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Social Media and Mental Health



Social media can be a great way to stay connected, but excessive use can lead to anxiety, depression, isolation, FOMO, and other negative emotions. Here are some

ways to improve your mood and change your behavior.

Social media and mental health

Humans are social creatures. To thrive in life, we need to be surrounded by others. The strength of our relationships has a significant impact on our mental and emotional health. Social connections can help you to reduce stress, anxiety, depression, increase self-worth, give comfort and joy, avoid loneliness, and even extend your life by adding years.

However, a lack of strong social connections can be a risk to your mental or emotional health.

Many people rely on social media platforms like Instagram, Twitter, Snapchat and YouTube to connect with others. Each has its advantages, but social media cannot replace human contact. To trigger hormones that reduce stress and make you happier, healthier, more positive, it needs to be in person. Ironically, despite the technology’s purpose to connect people, too much social media use can make it more difficult to feel connected and lonely. It can also lead you to develop mental health issues such as depression and anxiety.

You may need to examine your social media habits and make a change to live a happier life.

Positive aspects of social media

Although virtual contact on social media may not have the same psychological benefits that face-to-face interaction, there are still positive ways it can be used to help you stay connected and support yourself.

Social media enables you to:

  • Keep in touch with your family and friends all over the globe.
  • Network with people who have similar interests and ambitions to make new friends.
  • Promote or join worthwhile causes and raise awareness about important issues.
  • Offer or seek emotional support during difficult times.
  • If you are unable to make it alone, have social anxiety, limited independence, or belong to a marginalized population, you can still find vital social connections.
  • Find a way to express yourself and your creativity.
  • Take care to find valuable sources of information and learning.

Negative aspects of social media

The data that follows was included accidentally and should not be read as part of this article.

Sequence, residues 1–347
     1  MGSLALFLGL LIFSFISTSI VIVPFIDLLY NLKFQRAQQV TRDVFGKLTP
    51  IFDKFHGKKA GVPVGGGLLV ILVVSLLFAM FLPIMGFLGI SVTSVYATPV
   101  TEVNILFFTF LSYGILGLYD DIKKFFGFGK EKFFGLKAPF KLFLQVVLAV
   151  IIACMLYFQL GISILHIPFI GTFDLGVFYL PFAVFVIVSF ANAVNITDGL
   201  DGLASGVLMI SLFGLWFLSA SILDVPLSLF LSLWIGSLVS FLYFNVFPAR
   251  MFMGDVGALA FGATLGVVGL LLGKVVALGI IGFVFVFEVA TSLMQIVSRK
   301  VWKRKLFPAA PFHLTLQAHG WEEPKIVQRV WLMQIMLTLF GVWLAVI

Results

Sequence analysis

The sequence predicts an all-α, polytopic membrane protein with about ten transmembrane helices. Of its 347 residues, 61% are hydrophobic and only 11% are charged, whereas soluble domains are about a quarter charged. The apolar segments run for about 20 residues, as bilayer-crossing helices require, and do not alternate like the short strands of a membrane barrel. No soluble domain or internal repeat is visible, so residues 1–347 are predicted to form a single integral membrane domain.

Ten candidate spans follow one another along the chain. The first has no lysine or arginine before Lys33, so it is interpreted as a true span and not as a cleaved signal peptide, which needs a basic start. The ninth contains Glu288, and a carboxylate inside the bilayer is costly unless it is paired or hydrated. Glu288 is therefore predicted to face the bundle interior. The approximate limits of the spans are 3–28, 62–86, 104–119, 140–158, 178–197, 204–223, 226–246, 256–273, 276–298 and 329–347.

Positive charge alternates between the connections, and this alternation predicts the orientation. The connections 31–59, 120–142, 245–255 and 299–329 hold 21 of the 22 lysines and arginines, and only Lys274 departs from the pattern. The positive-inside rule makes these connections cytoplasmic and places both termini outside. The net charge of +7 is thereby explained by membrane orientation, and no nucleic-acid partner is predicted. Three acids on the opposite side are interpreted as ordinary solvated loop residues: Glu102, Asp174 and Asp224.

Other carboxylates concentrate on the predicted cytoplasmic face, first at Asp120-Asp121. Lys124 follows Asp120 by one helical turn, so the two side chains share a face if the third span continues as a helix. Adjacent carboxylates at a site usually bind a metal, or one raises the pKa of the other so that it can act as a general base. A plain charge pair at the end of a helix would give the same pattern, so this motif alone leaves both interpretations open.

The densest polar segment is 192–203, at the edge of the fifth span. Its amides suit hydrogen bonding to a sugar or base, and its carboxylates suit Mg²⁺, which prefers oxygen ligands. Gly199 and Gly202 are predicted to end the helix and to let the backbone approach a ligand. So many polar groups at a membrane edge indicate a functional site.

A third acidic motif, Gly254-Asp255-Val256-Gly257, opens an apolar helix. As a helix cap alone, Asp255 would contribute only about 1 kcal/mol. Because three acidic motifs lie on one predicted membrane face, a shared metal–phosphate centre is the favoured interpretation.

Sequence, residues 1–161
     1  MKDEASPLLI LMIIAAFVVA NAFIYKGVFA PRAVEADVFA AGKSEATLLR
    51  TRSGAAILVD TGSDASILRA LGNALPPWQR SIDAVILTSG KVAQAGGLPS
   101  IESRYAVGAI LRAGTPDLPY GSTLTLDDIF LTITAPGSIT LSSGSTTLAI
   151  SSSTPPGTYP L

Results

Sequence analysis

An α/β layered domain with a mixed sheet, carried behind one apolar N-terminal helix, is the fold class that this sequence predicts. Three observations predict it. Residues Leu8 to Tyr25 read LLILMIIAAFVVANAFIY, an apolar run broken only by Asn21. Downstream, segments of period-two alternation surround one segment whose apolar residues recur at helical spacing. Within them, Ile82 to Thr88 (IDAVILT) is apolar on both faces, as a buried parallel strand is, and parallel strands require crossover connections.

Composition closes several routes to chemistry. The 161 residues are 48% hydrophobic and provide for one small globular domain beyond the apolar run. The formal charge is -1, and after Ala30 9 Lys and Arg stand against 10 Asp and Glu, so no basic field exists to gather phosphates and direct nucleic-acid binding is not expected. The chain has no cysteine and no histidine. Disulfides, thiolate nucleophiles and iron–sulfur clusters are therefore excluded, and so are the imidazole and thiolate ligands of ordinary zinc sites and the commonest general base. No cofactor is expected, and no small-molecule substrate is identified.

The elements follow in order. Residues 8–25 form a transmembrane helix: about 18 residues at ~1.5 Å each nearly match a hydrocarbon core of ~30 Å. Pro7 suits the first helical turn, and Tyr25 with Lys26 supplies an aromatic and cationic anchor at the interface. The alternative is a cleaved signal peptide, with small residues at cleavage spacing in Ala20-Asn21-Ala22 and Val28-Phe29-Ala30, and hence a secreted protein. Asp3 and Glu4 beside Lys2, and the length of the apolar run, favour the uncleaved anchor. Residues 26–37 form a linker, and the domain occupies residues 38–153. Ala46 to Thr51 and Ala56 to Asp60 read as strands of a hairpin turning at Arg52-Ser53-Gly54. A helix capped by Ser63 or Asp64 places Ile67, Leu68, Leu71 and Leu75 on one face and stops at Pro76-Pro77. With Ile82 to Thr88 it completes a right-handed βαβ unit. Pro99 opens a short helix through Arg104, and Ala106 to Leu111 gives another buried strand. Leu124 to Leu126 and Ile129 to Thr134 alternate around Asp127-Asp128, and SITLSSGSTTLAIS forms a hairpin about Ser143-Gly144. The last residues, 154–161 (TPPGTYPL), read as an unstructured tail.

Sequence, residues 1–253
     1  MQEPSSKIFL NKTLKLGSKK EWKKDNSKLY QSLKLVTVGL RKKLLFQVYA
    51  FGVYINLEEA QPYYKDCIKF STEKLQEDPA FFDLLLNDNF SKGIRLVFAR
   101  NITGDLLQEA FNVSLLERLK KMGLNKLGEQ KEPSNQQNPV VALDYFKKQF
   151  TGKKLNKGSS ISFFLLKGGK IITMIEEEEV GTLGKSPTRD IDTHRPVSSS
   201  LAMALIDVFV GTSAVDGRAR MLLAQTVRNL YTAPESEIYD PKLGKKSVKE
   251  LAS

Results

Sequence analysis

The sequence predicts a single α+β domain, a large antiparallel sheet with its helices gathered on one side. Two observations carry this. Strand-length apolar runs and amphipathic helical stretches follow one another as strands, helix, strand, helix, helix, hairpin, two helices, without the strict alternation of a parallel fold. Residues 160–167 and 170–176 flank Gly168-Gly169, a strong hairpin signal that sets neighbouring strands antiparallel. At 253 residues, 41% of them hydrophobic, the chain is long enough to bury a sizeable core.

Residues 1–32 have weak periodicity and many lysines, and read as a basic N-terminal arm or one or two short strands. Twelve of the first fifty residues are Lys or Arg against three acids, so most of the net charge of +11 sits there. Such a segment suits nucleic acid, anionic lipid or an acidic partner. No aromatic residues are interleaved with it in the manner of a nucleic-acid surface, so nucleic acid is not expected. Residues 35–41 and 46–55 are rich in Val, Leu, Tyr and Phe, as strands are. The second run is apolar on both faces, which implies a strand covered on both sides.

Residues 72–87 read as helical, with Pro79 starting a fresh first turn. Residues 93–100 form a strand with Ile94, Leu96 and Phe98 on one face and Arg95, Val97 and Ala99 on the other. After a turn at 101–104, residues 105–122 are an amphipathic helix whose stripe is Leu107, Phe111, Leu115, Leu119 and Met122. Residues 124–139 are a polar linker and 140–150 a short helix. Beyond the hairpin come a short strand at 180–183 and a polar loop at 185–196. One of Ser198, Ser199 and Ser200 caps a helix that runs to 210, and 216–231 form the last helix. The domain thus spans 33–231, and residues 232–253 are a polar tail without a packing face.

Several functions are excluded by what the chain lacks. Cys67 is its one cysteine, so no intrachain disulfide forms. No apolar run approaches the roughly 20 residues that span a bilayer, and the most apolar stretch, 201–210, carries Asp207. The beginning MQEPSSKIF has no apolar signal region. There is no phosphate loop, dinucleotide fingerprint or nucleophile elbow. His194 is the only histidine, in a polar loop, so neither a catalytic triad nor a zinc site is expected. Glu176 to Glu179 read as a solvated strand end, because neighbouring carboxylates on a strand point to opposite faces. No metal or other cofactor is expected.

Because it is a new technology, little research has been done to determine the long-term effects of social media usage. Multiple studies have shown a strong connection between heavy use of social media and increased risks for depression, anxiety and loneliness.

Negative experiences like these could be promoted by social media

Inadequacy in your appearance or life. You may feel inadequate about your appearance or insecure about your life. We all know that people share only the best parts of their lives and rarely the lowest points.

However, envy and dissatisfaction can still be felt when scrolling through

the photos of a friend’s tropical vacation or reading about their new job promotion.

FOMO (Fear of Missing Out) FOMO is a fear of missing out (FOMO) that has existed for a long time. However, social media sites like Instagram and Facebook seem to increase feelings that other people are living more enjoyable lives or have better lives than you. You may feel like you are missing out on some things, which can affect your self-esteem and trigger anxiety. FOMO can make you feel like you have to constantly check your phone for updates or respond to every alert. This could lead to anxiety, depression, and even driving risks.

Isolation. Study by the University of Pennsylvania showed that loneliness is actually reduced when there is a lot of social media usage. The study also found that social media use can make you feel more isolated and lonely, and it can improve your overall health.

Anxiety and depression. To be mentally healthy, human beings require face-to-face interaction. Eye-to-eye contact is the best way to reduce stress and improve your mood. Social media interactions are more important than in-person relationships. This can increase your risk of developing or worsening mood disorders like anxiety and depression.

Cyberbullying. Cyberbullying is a serious problem for teens. Twitter and other social media platforms can become hotspots for hurtful rumors, lies, abuse, and can even leave emotional scars.